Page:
What I told a frustrated guy in job. At 37, he retired last month – Part 1

Isn’t this like a dream come true for all of us? Atleast for those of who are not working for themselves but for somebody else?

This post is about a person, with whom I had a casual chat over lunch some two years back. At that time, I (in my wildest dreams) could not have imagined that this talk would have such a big effect on his life.

But as it has been rightly said in Alchemist,

“When you want something, all the universe conspires in helping you to achieve it”

…in hindsight, it now seems that our little chat was the catalyst for something big which was about to happen in that person’s life.

He called up last Sunday to thank me for the little chat I had with him two years back.

At first, I did not realize what he was thanking me about. But when he told me everything, it was like a jaw dropping moment for me.

I will share this story in two parts…

And the first part of the story goes like this…

While doing my MBA internship in an organization, I came across a guy who looked quite old for his age and was a quite frustrated with his life. One day while having lunch together, he became aware of my interest in stocks and wealth creation in general.

And this got him started. He then told me quite a lot about his personal and financial life.

Frustrated Man At Job
 

He had been working in that organization for last 15 years. He was frustrated because though he was earning well, he was still barely breaking even every month end. He stayed in a decent 2BHK flat in New Delhi, which he had purchased 2 years back using home loan. The loan still had almost Rs 70 Lacs of unpaid amount. And this is what ate up almost 60% of his salary. Apart from the house, he had almost nothing to show for savings. To be exact, he just had a couple of lacs in PF, and less than a lac in fixed deposits.

But he had something else which could be a game changer.

Sometime back, he had inherited a plot of land.

And this plot of land was worth almost Rs 7 Crores at that time!! Yes. You read it right. It was worth more than 7 Crores! And as of then, that plot of land was lying vacant and was not suitable for cultivation.

I was surprised when I came to know of this. I was surprised that even after being a big Crorepati (many times over), he was still working for someone else, and was unhappy with his finances!

What I then told him was simple common sense and none of the usual financial gibberish you get to read on this site 😉

I told him that if he was ready to take a decision based on simple common sense, his life would change for the good. But for that he would have to part with something which he had inherited. And that in itself would require a lot of emotional will power.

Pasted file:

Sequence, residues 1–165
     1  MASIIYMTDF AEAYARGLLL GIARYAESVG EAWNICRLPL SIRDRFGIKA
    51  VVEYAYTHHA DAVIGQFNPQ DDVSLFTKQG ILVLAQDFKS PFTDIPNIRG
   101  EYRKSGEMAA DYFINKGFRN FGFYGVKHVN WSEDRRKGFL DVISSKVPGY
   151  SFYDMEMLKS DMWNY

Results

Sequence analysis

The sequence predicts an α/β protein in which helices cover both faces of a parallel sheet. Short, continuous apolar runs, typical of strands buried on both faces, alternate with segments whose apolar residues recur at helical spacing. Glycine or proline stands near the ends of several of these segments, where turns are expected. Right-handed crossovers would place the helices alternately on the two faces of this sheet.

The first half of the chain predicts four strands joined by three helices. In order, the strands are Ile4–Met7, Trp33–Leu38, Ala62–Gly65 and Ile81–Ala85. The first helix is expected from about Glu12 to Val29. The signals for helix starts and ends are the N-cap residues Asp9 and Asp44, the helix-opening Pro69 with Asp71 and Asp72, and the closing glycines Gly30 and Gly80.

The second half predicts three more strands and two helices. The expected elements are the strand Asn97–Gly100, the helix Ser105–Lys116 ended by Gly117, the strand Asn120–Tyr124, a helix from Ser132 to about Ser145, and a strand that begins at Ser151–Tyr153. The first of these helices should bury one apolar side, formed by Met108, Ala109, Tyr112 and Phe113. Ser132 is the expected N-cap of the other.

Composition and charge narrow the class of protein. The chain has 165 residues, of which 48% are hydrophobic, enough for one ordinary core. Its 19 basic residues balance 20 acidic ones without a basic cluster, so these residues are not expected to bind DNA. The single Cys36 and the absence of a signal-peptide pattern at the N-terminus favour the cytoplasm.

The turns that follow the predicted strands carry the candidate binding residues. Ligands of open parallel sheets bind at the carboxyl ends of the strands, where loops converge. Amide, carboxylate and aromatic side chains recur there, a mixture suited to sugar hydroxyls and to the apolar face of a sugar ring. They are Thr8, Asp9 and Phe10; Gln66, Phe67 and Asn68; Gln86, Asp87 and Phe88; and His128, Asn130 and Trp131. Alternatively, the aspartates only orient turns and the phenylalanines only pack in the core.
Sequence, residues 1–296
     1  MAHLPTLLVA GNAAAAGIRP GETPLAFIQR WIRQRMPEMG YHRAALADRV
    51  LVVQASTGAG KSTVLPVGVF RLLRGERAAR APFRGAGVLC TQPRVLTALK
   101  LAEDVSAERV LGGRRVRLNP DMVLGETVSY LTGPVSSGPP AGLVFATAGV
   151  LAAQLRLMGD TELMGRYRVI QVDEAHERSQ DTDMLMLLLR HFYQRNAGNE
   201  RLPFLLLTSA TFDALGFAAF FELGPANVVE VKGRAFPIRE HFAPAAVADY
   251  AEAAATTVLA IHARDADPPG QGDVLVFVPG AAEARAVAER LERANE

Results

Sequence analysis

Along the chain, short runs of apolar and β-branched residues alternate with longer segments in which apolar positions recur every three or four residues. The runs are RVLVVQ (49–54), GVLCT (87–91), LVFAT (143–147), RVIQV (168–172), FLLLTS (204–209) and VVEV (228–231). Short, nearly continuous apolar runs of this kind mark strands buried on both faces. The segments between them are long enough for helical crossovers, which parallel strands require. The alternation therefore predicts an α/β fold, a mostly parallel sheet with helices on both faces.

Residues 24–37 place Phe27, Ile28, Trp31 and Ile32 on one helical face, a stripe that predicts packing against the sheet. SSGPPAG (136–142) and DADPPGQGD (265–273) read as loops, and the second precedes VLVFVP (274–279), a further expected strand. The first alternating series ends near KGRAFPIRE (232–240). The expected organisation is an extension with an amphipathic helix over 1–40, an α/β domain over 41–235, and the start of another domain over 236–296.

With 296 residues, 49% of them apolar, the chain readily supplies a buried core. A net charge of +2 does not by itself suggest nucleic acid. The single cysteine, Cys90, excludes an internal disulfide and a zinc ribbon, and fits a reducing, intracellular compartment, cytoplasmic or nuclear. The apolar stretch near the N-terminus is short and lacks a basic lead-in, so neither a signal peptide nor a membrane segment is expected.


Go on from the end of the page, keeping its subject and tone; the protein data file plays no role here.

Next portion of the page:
He seemed quite eager to know what I planned to tell him. And what I told him is listed in 5 steps given below:

  1. Sell that plot of land and use the money as described in step 2, 3, 4 and 5.
  2. Pay off the home loan of Rs 70 Lacs
  3. Create an emergency fund
  4. Set aside money in fixed deposit which would provide monthly interest equivalent to his monthly salary.
  5. Buy flats and rent them out to create additional streams of income.

This is what I suggested him two years back. And last Sunday, I received a call from him.

But I will share rest of the details about why he wanted to thank me in part 2 of this Post.

 

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Written by Dev Ashish

Founder - Stable Investor Investing | Personal Finance | Financial Planning | Common Sense

5 comments

  1. A stupid guy gets blessed with an enormous bounty which was the result of the hardwork of his ancestors. Uses that money, and retires with the proceeds.

    Somehow, I don't see a story of great achievement here.

  2. Hmm… you are right that its easy for somebody who inherited something big. But sometimes its not easy to just monetize your inheritances. There are aspects like emotional will power and that you need to convince your family members about the same. But yes, inheritance is the key here.

  3. Indeed. Inheritance is the key here.
    And to be honest, my main contribution was about the common sense advice. The honor should entirely be that person's who eventually executed the common sense based plan.

  4. True. It seems to be a good time to sell stocks of bad businesses which have risen because of rising tide.
    I join you in your prayers of market crash. But like you, even I have a feeling that fall might not be as steep as Sensex going to 8K.

  5. It is easier to earn all the money yourself. But if you already have a lot of money, it is much more difficult to protect/retain it.

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